Dayworld by Philip Jose Farmer
I borrowed this book from a friend at school and ended up purchasing it for myself as soon as he asked for it back. It was the first current science fiction that I had read and I was fascinated by the world that Farmer had created – a world where you were cryogenically (sort of) frozen for six days of the week and lived only one day, sharing your apartment with six other groups of people. I went on from there to read the Riverworld series, the World of Tiers series, and pretty much every other Farmer book I could find. From there it was on to Asimov and Saberhagen and there was no turning back. This was the first slip down a long slope that has led to my current library of many boxes of science fiction. While some of Farmer’s work disturbed me (A Savage Feast) I’ve never forgotten how thrilling it was to read this book for the first time and I still get immense satisfaction from re-reading.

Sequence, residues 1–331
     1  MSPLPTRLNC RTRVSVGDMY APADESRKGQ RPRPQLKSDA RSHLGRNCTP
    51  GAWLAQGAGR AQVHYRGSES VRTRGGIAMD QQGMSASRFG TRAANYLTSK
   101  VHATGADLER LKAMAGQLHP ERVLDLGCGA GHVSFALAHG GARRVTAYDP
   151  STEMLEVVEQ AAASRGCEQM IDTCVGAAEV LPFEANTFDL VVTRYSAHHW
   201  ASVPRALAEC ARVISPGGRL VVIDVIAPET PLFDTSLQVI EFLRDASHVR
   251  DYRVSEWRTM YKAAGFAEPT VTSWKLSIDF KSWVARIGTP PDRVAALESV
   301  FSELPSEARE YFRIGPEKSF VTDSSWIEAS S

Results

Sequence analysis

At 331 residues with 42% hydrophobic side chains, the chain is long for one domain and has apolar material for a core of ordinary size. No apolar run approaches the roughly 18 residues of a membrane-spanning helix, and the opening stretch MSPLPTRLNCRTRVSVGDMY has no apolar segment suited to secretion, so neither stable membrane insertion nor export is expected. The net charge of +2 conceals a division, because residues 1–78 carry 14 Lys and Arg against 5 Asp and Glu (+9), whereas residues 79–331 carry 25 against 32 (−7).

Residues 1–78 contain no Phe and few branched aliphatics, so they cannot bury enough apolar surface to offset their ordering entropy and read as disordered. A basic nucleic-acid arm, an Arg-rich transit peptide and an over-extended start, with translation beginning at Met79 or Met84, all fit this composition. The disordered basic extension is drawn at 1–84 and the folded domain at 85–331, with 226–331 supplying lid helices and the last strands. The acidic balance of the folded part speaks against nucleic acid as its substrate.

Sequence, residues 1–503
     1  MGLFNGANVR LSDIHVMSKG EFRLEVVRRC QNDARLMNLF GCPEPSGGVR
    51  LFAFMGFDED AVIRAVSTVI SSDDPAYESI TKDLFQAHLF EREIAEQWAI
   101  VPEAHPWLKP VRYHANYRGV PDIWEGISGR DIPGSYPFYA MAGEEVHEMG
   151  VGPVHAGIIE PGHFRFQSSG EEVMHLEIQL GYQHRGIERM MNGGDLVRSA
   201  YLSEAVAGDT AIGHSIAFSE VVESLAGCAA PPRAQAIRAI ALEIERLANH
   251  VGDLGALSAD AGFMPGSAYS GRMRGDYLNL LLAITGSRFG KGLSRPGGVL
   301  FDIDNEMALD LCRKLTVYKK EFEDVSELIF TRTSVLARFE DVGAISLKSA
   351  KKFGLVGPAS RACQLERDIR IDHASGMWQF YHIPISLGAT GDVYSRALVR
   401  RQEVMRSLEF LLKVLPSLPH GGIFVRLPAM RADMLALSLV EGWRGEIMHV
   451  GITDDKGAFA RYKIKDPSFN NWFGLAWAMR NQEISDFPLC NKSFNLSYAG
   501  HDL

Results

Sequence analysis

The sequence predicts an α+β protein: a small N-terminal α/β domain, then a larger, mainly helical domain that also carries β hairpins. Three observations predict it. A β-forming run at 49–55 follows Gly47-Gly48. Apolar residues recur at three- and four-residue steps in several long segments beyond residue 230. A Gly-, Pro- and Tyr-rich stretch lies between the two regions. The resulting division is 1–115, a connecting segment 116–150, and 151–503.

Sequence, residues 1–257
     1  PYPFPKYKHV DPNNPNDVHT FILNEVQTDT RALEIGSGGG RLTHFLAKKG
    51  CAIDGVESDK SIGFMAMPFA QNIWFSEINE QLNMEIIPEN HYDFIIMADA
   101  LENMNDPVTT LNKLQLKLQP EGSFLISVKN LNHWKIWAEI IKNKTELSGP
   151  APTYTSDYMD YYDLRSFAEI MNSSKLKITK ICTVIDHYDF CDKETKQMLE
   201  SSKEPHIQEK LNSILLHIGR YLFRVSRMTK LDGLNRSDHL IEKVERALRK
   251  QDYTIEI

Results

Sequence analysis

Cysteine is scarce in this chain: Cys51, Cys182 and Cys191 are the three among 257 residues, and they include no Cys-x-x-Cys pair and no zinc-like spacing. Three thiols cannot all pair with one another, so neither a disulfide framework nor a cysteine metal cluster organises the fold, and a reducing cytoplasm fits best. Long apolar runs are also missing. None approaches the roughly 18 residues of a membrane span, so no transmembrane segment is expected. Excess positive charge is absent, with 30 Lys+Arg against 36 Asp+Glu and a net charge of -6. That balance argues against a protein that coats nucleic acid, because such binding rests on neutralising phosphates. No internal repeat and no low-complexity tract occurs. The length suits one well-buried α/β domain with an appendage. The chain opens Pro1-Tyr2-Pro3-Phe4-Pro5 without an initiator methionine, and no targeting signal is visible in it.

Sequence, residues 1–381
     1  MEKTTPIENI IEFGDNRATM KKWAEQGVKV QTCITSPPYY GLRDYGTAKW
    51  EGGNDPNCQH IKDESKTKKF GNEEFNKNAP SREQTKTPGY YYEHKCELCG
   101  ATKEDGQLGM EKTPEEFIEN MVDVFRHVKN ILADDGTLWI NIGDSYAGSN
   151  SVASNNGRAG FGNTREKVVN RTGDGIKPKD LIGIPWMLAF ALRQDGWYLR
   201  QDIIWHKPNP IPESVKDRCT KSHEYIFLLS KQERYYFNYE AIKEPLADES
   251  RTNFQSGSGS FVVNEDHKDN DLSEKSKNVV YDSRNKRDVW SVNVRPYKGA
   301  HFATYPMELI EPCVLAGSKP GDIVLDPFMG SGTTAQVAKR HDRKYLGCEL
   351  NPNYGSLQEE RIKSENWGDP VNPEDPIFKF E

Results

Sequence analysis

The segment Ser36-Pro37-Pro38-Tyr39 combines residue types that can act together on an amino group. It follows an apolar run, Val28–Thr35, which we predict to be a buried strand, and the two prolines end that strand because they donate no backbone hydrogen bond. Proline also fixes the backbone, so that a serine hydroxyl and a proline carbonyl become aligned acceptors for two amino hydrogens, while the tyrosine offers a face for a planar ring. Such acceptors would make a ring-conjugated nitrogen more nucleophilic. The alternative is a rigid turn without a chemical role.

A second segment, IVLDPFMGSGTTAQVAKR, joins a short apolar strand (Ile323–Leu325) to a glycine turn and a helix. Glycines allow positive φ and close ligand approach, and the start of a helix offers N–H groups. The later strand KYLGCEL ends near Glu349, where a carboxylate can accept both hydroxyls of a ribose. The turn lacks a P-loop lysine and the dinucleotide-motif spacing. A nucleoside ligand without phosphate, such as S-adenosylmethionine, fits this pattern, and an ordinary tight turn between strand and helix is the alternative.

All Quiet on the Western Front by Erich Maria Remarque
I had a very strong hero worship sort of idealistic view of war when I was growing up - the nobility of combat and the epic scale of battles and campaigns. This was the first book I read that opened up a new perspective on that – that no matter how glorious a cause and how noble a fight and how brilliant the commanders, at the end of the day there are individuals out there who have a shitty job in a dangerous environment and, for them, war sucks. My first reading of this book signaled the beginning of the end of my black-white way of viewing the world.

Out of the Silent Planet by C S Lewis